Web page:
Australian Prime Minister Malcolm Turnbull, in China with a 1,000- strong business delegation, urged Beijing to stay the course on its "long journey" towards open markets and the rule of law. This was as he sought to navigate ties with his country's biggest trading partner amid raised tensions in the South China Sea.
While strengthening economic links is top of the agenda on the back of a bilateral free trade pact inked last year, the South China Sea issue is likely to feature in the two-day visit that kicked off in Shanghai yesterday.
Mr Turnbull, making his first visit to China since he became Prime Minister last September, later travelled to Beijing where he met Premier Li Keqiang. He is expected to meet President Xi Jinping today.
While avoiding politically sensitive issues in a speech to Chinese and Australian business leaders in Shanghai, Mr Turnbull reportedly planned to tell Chinese leaders that their assertive posture in the South China Sea risks harming China's international ties.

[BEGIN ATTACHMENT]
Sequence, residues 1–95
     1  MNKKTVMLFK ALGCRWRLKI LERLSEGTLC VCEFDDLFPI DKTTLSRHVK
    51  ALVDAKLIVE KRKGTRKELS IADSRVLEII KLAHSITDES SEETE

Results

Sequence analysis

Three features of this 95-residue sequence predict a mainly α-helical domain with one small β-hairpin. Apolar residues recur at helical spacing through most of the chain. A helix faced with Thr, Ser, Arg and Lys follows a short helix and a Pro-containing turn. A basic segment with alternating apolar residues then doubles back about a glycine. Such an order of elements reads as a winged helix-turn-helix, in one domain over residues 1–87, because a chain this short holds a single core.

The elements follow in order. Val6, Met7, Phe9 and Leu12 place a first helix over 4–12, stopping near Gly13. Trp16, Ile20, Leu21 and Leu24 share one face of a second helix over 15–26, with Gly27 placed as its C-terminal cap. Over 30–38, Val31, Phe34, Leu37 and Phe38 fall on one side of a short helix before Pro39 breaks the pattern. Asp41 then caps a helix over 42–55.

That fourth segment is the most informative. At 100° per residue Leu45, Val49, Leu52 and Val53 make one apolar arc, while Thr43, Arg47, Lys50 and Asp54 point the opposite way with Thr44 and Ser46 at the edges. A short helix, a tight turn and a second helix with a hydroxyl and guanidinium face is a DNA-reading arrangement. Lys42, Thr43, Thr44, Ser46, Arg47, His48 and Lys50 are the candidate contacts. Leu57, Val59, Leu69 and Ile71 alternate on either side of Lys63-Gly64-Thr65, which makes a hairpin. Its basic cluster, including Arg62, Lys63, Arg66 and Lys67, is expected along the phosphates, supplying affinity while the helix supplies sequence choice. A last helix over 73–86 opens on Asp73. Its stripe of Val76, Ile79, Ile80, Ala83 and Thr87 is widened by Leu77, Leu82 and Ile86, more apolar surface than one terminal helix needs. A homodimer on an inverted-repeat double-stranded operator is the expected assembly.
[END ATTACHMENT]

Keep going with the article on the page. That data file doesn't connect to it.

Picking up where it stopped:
Beijing claims most of the South China Sea, but is challenged by other claimants such as the Philippines and Vietnam. Tensions have risen over China's deployment of missiles on a disputed isle and the United States' freedom of navigation patrols.
During their meeting, Mr Li was quoted by Xinhua news agency as telling Mr Turnbull that their countries can complement each other's strengths and cooperate in such areas as infrastructure building and equipment manufacturing.
Earlier in Shanghai, Mr Turnbull announced how Chinese visitors would find it even easier to go to Australia, which welcomed more than one million Chinese contributing A$8.3 billion (S$8.7 billion) to the economy last year. Mr Turnbull said Australia would try out 10-year validity visas, streamline visas for Chinese students and offer visa applications in the Chinese language.
Analysts say Australia, a key US security ally that is also economically dependent on China, faces a delicate balancing act. But some, like Peking University professor Niu Jun, do not expect the South China Sea issue to hurt economic ties.
"It's not possible for China to allow economic ties to be affected with all countries it has such disputes with. The South China Sea issue has also been going on for years and economic exchanges have not stopped," he said.